Interestingly, they also mentioned that parents will bring their children from all over Belgium to work as peer advisors, presumably recognising the benefit that it offers them as well. The motivation for involvement and benefits in taking part for the peer advisors themselves is something that is sometimes missed out of discussion about peer support. I look at it in my presentation but it is interesting to see it so obviously here too.
Peer support in a virtual environment, where volunteers themselves work virtually as well.
Similar in many ways to our live chat service was the experiences of a volunteer who spoke about the work she does with Save the Children Finland. She signs in to a Habbo hotel community and moderates a chat room within the hotel where users can chat to her as well as supporting each other. She said that she felt one of the main reasons users come into the chat room is loneliness and that a lot of the support offered is about company and feeling part of a community. She doesn’t find that people often bring really big issues into the chat – she said she thinks this is because the Habbo using community are quite young, and that users might take bigger issues to some of their other online services.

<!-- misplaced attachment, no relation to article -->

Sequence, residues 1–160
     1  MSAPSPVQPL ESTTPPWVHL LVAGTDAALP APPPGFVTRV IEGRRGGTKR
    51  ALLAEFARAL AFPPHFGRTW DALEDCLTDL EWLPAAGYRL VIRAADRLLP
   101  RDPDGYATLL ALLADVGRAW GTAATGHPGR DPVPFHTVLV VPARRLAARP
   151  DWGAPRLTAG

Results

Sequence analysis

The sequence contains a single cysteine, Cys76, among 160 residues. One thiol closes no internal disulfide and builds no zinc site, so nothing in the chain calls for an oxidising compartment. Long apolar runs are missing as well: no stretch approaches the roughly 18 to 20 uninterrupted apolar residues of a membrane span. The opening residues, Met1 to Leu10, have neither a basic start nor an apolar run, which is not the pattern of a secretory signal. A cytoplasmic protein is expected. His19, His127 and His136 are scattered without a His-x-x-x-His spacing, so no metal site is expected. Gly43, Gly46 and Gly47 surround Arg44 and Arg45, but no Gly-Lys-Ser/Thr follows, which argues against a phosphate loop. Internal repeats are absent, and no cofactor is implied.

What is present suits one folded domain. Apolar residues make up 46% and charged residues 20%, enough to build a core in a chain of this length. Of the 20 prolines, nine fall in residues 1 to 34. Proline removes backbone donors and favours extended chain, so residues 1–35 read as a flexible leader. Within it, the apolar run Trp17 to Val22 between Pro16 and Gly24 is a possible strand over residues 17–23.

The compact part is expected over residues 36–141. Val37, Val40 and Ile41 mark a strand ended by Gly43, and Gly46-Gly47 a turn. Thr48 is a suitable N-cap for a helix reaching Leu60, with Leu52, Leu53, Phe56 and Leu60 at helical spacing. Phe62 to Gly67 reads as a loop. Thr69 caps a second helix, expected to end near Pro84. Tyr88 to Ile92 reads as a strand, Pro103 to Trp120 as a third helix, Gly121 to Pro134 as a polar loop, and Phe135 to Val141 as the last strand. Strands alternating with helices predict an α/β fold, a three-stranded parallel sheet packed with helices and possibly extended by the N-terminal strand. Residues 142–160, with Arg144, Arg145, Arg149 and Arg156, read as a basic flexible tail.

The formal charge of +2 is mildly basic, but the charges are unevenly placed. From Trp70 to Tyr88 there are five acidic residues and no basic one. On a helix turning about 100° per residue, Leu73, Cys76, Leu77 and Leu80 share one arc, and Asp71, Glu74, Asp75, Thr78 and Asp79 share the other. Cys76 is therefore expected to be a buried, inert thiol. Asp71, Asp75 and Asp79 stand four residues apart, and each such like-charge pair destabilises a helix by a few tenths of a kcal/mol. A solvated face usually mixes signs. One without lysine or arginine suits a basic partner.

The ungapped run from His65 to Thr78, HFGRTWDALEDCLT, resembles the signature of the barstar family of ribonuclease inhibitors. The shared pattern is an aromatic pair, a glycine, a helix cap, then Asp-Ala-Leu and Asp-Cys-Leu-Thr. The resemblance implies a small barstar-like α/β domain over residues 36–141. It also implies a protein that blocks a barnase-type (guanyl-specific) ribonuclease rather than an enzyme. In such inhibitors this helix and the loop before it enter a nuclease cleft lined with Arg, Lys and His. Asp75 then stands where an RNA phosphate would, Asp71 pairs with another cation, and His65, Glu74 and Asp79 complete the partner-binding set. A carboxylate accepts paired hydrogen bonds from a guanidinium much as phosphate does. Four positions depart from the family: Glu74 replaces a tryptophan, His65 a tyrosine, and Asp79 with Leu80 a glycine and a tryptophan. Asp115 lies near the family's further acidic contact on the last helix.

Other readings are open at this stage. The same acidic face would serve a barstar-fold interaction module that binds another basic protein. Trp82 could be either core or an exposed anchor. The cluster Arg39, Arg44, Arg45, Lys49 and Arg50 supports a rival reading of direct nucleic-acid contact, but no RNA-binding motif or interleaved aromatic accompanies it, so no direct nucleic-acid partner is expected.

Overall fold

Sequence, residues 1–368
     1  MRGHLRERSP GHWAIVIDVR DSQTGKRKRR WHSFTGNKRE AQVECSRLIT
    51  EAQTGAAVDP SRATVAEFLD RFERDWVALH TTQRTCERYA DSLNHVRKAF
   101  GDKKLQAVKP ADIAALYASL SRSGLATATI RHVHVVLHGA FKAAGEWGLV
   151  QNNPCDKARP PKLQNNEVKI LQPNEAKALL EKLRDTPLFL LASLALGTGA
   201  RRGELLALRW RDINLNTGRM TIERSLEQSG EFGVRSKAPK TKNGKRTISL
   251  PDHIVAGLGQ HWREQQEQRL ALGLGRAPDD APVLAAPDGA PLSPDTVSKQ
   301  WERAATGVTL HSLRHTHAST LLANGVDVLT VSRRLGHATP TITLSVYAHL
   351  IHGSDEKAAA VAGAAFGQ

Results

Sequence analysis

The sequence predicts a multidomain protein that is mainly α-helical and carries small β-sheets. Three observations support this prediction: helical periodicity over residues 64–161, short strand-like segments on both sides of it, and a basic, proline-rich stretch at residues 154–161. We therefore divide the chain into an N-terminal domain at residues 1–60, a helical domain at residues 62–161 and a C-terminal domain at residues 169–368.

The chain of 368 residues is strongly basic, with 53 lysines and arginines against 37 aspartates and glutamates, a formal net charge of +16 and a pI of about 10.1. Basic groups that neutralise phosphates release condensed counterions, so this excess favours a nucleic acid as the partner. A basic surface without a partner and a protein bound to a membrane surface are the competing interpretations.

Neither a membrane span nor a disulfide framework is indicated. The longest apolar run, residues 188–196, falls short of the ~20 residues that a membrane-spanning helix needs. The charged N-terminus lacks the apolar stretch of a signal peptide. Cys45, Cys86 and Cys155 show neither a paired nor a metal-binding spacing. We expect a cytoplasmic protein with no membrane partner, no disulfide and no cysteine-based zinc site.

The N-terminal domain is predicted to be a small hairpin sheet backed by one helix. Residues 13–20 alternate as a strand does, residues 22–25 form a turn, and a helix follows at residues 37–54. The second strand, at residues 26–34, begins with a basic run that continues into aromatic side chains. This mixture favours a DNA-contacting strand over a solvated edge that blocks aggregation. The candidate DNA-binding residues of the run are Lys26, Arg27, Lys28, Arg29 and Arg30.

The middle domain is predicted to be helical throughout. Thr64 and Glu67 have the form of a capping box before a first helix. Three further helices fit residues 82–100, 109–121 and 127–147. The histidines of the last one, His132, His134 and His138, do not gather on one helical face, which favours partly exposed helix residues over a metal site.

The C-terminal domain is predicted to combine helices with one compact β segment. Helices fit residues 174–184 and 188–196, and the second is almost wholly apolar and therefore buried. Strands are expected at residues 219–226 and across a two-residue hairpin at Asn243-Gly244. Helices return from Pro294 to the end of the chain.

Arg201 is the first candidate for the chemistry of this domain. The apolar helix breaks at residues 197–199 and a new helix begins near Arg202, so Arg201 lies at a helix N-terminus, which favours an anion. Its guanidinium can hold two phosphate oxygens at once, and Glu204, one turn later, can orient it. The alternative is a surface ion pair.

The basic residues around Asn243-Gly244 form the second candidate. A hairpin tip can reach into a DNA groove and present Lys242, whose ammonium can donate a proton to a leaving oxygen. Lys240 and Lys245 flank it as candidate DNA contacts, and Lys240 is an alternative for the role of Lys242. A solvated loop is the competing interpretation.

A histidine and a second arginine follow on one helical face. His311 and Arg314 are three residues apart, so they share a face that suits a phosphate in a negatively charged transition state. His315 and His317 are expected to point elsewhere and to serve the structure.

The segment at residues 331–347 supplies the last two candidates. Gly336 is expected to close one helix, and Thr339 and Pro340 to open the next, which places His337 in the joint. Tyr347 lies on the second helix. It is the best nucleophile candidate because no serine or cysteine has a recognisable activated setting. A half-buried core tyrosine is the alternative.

She mentioned that one of the difficulties she faced was that she herself didn’t feel part of a community of volunteer advisors. I thought this was interesting as this is also one of the challenges we have faced when supporting volunteers who not only give support to peers in an online environment, but also work virtually themselves.
Peer support organised by peers with no external input from ‘experts’
One of the most interesting and perhaps challenging presentations was from Stopzelfmoord (StopSuicide). The two young people who set up this service were 15 and 16. They worked on it for a couple of hours a day each, giving peer support through a chat room. They were asked a number of questions by youth workers and peers in the room – ‘How do you decide when someone needs further support?’, ‘Who do you turn to yourselves when you need more support?’, ‘What happens when someone you know contacts you?’, ‘Have you considered working with other organisations?’, ‘How are you funded?’.
Their replies were that they used their gut feeling to decide when to pass someone on, that they spoke to each other to work out what to say to someone who needed it, or if they were struggling emotionally, that they spoke to their friends online just like they spoke to someone they didn’t know, that they did not want to work with other organisations as that would mean working with adults (and they did not think their users wanted that), and that they did not need funding as they used a free chat service on their website.
These young people were taking online the most informal of types of peer support and offering it to peers who were not their friends. They seemed to get an increasing number of contacts and repeat users so it was obviously a service that individuals appreciated. In fact, what they are offering is probably similar to the informal, uncaptured peer support that goes on between online friends through Facebook, msn, Skype, mobile and on many other online platforms all the time within friendships.